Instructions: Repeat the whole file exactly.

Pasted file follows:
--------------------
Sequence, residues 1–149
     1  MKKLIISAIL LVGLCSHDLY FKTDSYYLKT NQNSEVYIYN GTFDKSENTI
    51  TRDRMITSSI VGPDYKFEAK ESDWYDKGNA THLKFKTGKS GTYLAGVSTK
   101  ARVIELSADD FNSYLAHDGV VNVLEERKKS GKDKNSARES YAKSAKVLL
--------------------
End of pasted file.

Sequence, residues 1–149
     1  MKKLIISAIL LVGLCSHDLY FKTDSYYLKT NQNSEVYIYN GTFDKSENTI
    51  TRDRMITSSI VGPDYKFEAK ESDWYDKGNA THLKFKTGKS GTYLAGVSTK
   101  ARVIELSADD FNSYLAHDGV VNVLEERKKS GKDKNSARES YAKSAKVLL